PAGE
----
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Advice for relatives of ALS patients

My view as ALS patient

Someone once asked me if I have any advice for relatives of ALS patients. Of course, I can only talk from my point of view and possibly my opinion doesn’t correspond to that of other ALS sufferers. But I tell you what I replied to that question anyway.

Quiet acceptance

In the beginning, I especially appreciated not having to talk about the disease or my feelings, not having to answer questions when I wasn't in the mood. I needed time to deal with it myself. I appreciated a „quiet acceptance“ and „giving me time“, so that I could talk about it when I felt the moment was right and when I wanted to, not when someone else wanted it. Yes, you can ask a patient about ALS or his well-being, but without emphasis. Be understanding if the affected person doesn’t give you much insight. If the answers are brief, just be sensitive and don’t go into the matter any further. Go and inform yourself about the disease in another way. I always found it valuable when relatives know a few facts about ALS.

No pressure

It's also important to me not to have any pressure regarding activities or going out. I want to decide for myself when I feel like it and when I do not. Comments that kind of urge you to go somewhere, for one reason or another, are not appropriate. Relatives should understand that an ALS patient probably no longer can or wants to participate in every activity.

Giving time

If the ALS sufferer refuses to see you (in this situation there are mostly reasons that are NOT personal) do not push, but accept and give time – and don’t make unannounced visits! Because of all the nursing effort that has to be juggled in addition to everyday routine, „spontaneous“ is usually not the greatest option.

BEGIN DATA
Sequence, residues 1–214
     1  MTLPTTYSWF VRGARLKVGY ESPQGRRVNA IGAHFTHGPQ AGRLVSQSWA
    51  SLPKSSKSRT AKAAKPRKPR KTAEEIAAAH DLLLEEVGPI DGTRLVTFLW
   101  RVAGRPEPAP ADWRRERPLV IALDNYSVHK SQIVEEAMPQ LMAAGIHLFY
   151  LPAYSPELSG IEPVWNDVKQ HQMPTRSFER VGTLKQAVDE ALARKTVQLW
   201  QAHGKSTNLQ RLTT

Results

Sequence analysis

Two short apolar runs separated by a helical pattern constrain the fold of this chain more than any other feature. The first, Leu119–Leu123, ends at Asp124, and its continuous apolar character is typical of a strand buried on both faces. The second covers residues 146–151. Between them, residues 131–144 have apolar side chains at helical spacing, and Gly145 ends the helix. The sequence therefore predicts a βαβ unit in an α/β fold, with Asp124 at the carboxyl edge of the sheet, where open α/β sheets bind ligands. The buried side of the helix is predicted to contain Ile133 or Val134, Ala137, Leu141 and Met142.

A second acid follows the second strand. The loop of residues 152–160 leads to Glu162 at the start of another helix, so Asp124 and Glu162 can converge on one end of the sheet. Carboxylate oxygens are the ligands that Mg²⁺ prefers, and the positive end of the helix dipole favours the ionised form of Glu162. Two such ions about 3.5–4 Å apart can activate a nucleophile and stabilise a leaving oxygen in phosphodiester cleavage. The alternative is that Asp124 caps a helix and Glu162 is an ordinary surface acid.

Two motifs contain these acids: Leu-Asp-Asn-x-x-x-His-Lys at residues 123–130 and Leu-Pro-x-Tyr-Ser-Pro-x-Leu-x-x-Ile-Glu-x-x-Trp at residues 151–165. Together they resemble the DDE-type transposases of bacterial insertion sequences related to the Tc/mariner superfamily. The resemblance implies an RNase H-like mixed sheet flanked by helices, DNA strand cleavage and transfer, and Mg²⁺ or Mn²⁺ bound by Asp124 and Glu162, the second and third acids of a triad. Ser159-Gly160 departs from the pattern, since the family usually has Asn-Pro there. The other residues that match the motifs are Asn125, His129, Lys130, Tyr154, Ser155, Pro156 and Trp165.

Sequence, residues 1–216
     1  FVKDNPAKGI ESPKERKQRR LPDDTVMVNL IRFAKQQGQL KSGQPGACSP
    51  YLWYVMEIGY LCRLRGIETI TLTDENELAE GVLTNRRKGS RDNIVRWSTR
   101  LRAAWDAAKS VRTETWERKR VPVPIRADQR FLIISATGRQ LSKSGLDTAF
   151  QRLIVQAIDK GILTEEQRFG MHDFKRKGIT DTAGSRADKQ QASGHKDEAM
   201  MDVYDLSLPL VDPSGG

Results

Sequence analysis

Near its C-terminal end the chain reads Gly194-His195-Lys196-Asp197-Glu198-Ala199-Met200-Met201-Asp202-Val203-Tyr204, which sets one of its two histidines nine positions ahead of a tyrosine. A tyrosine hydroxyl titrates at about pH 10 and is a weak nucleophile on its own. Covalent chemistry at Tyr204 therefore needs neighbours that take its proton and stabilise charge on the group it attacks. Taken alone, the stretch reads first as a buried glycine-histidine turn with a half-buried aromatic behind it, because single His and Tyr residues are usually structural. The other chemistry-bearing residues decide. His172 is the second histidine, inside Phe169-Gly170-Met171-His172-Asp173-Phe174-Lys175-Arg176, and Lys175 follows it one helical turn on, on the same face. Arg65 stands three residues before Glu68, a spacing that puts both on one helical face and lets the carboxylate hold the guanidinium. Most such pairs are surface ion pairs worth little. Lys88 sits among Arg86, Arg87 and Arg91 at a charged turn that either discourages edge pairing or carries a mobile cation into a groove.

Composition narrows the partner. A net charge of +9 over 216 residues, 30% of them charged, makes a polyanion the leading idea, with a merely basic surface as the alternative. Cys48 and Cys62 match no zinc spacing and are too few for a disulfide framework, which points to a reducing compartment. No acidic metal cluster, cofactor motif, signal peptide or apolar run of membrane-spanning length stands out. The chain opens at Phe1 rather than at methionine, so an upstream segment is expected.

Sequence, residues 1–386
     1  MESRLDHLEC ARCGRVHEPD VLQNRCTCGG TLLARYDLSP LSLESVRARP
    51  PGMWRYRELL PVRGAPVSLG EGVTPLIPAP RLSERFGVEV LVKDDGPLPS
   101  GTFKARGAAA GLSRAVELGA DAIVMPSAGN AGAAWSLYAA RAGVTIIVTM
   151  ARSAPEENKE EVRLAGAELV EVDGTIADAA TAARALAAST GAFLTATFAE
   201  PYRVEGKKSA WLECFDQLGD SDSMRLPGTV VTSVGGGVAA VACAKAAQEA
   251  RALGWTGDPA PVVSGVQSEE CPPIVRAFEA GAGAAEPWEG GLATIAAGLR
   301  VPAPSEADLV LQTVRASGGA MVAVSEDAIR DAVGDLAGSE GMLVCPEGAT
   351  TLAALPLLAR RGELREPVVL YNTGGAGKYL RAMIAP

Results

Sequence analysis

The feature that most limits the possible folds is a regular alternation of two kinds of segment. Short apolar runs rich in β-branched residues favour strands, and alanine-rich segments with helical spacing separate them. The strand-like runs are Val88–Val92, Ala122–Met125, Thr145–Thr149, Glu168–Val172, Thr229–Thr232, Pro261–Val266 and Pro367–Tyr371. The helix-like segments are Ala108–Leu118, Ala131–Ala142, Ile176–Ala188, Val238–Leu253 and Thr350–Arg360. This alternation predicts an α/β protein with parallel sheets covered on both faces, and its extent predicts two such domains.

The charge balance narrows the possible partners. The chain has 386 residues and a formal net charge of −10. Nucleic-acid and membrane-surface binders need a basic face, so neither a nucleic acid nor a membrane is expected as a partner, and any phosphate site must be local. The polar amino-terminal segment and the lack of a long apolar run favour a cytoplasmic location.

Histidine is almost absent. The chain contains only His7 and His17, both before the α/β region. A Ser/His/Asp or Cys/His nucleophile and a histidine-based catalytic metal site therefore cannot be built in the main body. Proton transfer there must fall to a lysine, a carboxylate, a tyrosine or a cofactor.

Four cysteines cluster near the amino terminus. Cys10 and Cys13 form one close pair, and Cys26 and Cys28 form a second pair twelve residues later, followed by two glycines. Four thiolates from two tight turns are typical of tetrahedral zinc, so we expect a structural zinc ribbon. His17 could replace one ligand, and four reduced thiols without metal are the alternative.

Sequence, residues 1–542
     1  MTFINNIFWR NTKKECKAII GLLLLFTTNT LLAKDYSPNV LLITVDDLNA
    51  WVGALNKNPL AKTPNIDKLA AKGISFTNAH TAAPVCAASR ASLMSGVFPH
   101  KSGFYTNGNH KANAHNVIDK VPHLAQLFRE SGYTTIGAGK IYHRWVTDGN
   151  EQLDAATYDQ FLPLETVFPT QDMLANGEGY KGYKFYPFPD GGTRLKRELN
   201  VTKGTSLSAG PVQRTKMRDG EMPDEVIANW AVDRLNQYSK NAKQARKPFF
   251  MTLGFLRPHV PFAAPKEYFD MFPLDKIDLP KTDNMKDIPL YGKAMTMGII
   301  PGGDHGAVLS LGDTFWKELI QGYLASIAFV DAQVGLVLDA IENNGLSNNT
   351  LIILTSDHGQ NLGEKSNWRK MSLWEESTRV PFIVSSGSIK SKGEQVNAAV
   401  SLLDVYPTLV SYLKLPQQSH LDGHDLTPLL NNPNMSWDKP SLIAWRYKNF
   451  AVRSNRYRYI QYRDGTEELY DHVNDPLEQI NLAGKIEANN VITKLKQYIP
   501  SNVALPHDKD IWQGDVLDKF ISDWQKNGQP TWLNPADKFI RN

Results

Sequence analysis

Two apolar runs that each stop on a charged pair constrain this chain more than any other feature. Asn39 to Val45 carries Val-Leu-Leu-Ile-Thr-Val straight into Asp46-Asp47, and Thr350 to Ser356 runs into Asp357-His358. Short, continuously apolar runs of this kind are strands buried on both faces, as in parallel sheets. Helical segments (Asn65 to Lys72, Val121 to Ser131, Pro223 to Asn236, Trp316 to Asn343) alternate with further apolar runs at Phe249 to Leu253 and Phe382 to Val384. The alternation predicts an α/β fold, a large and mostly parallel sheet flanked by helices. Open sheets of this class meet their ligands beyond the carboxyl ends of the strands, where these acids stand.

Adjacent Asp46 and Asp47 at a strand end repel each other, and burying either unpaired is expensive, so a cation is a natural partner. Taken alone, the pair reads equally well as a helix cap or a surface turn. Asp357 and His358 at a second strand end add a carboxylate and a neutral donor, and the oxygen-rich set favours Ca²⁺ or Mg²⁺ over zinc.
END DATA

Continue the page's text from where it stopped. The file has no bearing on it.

Well-intended advice

The worst thing is probably giving advice on what might help or what one should do: „Have you tried this?“ „Have you been to that doctor?“ Mostly the argument is that it has helped someone else and that „it will certainly help you too“. Such well-intentioned advice often leaves me with the feeling that other people have the impression I don't mind having this disease – because in their eyes I could do something about it if I only wanted to. As if I myself was to blame for my fate... A terrible and poisoning thought!

Like what you read?

If you want to read more stuff like that follow me on Instagram: @bibi_wheelchair_traveller There I strengthen awareness about a life with a disability, life in a wheelchair, a life with paralysis. I address and point out existing barriers, misconceptions, assumptions and associated hurdles in life and society, that many may not be aware of and which in the past I had so often accepted in silence and frustration. I wish to bring more understanding to everyday situations.

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I'm 32 years old and from Austria. I was diagnosed with ALS when I was 18, symptoms began when I was 16 years old. Due to the disease I'm in a wheelchair since 2008. But ALS hasn't stopped me yet from traveling, working, joining a choir and enjoying my life the most I can. Instagram: @bibi_wheelchair_traveller.

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Advice for relatives of ALS patients

Someone once asked me if I have any advice for relatives of ALS patients. Of course, I can only talk from my point of view and possibly my o